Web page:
It was some years, however, before Wallace entered into a real dialogue with Darwin on the various ramifications of natural selection. When this began it became apparent that he could function equally effectively in the roles of defender and critic. Meanwhile, and despite still being something of an outsider to the British scientific/intellectual establishment, he leapt right into the discussions going on in a dozen different fields, including several most would view as being rather remote from natural history. By 1881, for example, he was President of the Land Nationalisation Society, an organization dedicated to removing ownership of the land from the hands of large private holders. Rather late in life he would additionally become a socialist; he was also an anti-vaccinationist, an anti-vivisectionist, and an early supporter of women's suffrage.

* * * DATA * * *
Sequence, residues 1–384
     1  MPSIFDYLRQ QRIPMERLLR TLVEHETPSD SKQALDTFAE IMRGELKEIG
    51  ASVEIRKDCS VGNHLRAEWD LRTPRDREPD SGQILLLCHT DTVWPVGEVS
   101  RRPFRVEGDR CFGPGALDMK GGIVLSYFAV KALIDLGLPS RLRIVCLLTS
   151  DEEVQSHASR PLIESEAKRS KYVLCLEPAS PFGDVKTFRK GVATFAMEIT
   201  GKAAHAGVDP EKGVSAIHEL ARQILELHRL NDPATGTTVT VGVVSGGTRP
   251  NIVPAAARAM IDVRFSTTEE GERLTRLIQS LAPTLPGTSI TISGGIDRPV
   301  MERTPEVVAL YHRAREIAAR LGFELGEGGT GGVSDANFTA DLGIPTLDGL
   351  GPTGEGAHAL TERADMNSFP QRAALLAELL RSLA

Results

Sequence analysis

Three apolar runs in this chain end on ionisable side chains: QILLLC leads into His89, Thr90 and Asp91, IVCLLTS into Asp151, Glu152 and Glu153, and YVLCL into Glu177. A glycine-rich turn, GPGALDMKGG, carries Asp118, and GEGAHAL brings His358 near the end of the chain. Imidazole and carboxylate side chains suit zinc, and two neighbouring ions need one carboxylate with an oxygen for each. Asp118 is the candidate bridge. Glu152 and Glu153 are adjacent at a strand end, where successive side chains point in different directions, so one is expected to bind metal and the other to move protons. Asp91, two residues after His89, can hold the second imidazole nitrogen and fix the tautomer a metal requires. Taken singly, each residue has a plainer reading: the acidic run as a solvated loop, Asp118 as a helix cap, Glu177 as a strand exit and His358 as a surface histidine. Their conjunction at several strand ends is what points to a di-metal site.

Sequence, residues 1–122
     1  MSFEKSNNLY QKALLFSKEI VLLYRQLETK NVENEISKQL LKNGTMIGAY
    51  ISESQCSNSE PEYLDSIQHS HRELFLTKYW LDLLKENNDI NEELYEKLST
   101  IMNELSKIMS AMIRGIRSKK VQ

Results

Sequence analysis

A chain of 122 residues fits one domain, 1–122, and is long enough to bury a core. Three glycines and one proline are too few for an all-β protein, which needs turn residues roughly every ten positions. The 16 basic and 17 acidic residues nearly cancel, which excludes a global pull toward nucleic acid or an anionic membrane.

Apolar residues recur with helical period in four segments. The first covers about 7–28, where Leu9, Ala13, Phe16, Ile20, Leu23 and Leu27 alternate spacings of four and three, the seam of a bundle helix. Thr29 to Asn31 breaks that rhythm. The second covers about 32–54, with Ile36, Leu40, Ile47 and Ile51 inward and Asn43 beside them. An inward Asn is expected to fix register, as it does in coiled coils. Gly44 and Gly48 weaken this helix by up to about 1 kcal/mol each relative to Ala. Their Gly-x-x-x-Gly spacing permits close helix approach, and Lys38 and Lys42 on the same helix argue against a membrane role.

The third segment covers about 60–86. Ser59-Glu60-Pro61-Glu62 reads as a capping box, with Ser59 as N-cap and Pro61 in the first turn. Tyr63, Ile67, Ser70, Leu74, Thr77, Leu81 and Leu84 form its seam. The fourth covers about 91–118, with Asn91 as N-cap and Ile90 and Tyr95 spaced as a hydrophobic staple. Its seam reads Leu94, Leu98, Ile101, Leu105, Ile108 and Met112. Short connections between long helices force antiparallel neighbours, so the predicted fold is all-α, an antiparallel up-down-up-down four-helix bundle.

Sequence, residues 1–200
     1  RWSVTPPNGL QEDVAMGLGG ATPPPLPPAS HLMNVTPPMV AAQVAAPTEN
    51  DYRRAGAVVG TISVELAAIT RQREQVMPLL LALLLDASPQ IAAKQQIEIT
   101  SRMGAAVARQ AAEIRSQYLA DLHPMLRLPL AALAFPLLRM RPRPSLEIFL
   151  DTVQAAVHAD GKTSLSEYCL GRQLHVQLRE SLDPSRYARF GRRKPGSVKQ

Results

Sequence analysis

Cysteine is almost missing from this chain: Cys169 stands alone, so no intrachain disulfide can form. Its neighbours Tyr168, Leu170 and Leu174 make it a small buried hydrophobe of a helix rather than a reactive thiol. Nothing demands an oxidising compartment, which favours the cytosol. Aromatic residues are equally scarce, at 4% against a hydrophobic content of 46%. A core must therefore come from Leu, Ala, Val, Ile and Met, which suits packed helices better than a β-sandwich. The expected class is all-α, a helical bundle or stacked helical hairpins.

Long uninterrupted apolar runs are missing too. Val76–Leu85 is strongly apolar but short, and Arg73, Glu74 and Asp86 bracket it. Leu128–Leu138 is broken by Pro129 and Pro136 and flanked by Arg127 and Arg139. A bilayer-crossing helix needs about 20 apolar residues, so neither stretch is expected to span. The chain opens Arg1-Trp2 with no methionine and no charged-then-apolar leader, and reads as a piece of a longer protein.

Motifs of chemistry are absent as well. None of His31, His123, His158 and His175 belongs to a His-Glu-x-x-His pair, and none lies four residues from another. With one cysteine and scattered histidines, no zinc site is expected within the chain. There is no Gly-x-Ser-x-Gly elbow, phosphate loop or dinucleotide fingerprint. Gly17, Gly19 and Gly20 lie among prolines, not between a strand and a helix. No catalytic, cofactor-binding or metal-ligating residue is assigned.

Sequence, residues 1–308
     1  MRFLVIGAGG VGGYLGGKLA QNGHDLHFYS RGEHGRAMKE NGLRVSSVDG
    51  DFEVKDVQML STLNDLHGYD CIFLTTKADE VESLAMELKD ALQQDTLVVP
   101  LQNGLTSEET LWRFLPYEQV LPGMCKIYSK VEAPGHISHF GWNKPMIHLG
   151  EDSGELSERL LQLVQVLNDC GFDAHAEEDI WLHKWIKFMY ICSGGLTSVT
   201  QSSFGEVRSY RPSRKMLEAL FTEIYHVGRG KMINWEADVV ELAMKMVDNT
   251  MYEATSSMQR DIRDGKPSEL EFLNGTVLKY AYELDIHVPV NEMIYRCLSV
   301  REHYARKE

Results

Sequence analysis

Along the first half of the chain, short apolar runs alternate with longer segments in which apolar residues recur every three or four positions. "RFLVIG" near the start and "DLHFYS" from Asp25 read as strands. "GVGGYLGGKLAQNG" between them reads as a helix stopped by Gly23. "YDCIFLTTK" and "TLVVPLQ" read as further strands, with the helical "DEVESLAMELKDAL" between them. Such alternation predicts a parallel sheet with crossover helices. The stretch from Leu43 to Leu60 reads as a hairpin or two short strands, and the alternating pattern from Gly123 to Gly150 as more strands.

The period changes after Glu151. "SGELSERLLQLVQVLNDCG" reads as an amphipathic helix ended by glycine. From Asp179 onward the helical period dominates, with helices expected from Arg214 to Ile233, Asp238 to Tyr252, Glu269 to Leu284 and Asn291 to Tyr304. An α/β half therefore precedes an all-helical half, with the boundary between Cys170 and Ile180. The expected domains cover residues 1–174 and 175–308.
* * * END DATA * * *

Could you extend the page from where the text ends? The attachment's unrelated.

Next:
When Wallace died on 7 November 1913 he was the last of the great Victorian scientists--men like Darwin, Huxley, Hooker, Spencer, Lord Kelvin, Tyndall, Lister, and Galton--to go. Less than a year later the world was at war, and his contributions--despite the fact that at the time of his death he was possibly the most famous scientist in the world--were largely forgotten. In the larger scheme of things there could be but one Darwin, after all.